Pulp and paper waste could help build roads of the future
Image credit: UBC Okanagan’s School of Engineering
Researchers in Canada are developing guidelines to use waste materials from the pulp and paper industry as a sustainable alternative for road construction.
The construction industry has long sought to use waste materials from the pulp and paper industry as possible fillers for building products such as cement, but for years these materials have ended up in landfills. Now, researchers at The University of British Columbia (UBC) Okanagan are developing guidelines to use this waste for road construction in an environmentally friendly manner.
To help create such guidelines, the researchers turned their attention to wood-based pulp mill fly ash (PFA), which is a non-hazardous commercial waste product, to investigate the potential of using a waste material from this industry in constructing roads.
The North American pulp and paper industry generates over one million tons of ash annually by burning wood in power boiler units for energy production. When sent to a landfill, the producer shoulders the cost of about $25 (£18) to $50 (£36) per ton, so mills are looking for alternative usages of these by-products.
“Anytime we can redirect waste to a sustainable alternative, we are heading in the right direction,” said Dr Sumi Siddiqua, associate professor at UBC Okanagan’s School of Engineering. Dr Siddiqua leads the university’s Advanced Geomaterials Testing Lab, where researchers uncover different reuse options for industry by-products.
The new research, co-published with postdoctoral research fellow Dr Chinchu Cherian, investigated using untreated PFA as an economically sustainable low-carbon binder for road construction.
“The porous nature of PFA acts like a gateway for the adhesiveness of the other materials in the cement that enables the overall structure to be stronger and more resilient than materials not made with PFA,” Dr Cherian explained. “Through our material characterisation and toxicology analysis, we found further environmental and societal benefits that producing this new material was more energy efficient and produced low carbon emissions.”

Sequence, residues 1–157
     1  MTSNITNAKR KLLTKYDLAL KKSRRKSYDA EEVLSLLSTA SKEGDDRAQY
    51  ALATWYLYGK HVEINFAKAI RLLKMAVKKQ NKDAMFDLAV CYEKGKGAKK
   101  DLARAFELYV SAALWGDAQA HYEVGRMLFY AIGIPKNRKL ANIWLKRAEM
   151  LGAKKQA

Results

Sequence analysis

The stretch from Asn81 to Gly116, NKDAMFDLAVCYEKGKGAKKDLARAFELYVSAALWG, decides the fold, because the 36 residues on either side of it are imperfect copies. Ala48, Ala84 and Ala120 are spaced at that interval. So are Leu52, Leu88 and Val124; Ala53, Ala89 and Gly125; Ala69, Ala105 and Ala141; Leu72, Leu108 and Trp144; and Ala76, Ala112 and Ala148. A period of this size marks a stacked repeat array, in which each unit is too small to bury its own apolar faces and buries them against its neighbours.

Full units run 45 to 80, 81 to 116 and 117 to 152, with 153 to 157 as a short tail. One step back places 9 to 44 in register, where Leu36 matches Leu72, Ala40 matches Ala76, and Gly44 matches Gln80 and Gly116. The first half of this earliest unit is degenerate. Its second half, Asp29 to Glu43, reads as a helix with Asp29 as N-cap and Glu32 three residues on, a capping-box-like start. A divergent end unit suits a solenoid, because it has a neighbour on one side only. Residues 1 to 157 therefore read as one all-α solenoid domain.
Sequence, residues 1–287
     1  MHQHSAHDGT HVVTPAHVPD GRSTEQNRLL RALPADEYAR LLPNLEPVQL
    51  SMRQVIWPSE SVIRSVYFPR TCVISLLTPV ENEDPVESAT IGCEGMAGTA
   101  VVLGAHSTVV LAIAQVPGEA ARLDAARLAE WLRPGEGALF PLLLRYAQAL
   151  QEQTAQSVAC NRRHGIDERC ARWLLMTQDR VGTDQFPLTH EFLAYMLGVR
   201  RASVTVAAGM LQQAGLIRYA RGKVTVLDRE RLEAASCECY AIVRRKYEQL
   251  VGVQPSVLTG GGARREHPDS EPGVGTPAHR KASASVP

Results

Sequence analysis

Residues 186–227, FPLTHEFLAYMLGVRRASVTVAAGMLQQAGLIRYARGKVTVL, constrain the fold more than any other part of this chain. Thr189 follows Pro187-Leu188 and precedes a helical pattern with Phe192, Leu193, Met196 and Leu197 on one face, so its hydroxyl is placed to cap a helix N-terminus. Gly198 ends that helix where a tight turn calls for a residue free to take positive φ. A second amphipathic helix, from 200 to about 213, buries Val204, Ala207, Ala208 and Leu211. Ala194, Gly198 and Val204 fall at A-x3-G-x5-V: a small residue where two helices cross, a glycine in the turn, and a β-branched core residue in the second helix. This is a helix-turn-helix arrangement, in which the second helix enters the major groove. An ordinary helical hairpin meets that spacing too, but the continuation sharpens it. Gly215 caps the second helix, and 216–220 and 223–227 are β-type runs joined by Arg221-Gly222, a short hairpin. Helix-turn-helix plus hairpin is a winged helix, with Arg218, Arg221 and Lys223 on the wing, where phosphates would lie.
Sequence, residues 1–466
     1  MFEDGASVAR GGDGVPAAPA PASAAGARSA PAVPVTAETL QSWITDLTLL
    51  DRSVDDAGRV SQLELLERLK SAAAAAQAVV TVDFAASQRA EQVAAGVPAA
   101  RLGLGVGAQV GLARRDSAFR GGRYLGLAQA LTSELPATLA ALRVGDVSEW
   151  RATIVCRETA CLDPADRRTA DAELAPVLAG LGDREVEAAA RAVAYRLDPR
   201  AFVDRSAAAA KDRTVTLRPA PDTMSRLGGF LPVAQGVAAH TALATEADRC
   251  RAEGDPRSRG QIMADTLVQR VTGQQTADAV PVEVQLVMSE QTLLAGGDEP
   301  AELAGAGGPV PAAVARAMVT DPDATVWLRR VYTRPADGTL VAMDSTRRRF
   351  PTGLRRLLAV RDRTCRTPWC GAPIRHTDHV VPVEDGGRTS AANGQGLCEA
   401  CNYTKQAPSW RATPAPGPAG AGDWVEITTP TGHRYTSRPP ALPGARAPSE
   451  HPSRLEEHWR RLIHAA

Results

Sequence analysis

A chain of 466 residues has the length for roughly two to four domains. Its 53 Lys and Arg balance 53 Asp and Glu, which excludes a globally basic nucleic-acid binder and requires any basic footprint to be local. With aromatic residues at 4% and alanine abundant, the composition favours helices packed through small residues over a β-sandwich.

But Dr Siddiqua noted there are concerns in the construction industry that toxins used in pulp and paper mills may leach out of the reused material. “Our findings show that because the cementation bonds developed through the use of the untreated PFA are so strong, little to no release of chemicals is apparent. Therefore, it can be considered as a safe raw material for environmental applications.”
While Dr Cherian explains that further research is required to establish guidelines for PFA modifications to ensure its consistency, she is confident their research is on the right track.
“Overall, our research affirms the use of recycled wood ash from pulp mills for construction activities such as making sustainable roads and cost-neutral buildings can derive enormous environmental and economic benefits,” she said. “And not just benefits for the industry, but to society, by reducing waste going to landfills and reducing our ecological footprints.”
In the meantime, while cement producers can start incorporating PFA into their products, Dr Cherian said the team will be continually testing and evaluating the PFA properties to ensure overall quality for future use.
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